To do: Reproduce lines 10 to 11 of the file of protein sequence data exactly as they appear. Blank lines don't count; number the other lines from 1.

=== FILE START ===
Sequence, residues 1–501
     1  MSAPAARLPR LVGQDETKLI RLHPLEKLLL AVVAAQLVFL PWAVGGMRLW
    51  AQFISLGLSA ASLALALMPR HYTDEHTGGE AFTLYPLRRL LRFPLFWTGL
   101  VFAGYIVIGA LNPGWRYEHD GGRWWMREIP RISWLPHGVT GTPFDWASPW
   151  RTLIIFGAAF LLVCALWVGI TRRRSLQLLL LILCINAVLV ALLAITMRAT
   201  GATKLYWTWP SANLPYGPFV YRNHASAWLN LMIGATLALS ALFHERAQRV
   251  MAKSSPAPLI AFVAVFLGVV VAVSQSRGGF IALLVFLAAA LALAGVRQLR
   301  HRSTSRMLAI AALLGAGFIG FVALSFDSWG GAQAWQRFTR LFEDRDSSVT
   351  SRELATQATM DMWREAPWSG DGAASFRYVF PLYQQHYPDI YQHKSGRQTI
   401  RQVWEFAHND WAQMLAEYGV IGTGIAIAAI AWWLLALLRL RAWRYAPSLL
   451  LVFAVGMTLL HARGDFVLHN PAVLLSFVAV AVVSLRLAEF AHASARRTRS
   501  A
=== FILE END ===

   401  RQVWEFAHND WAQMLAEYGV IGTGIAIAAI AWWLLALLRL RAWRYAPSLL
   451  LVFAVGMTLL HARGDFVLHN PAVLLSFVAV AVVSLRLAEF AHASARRTRS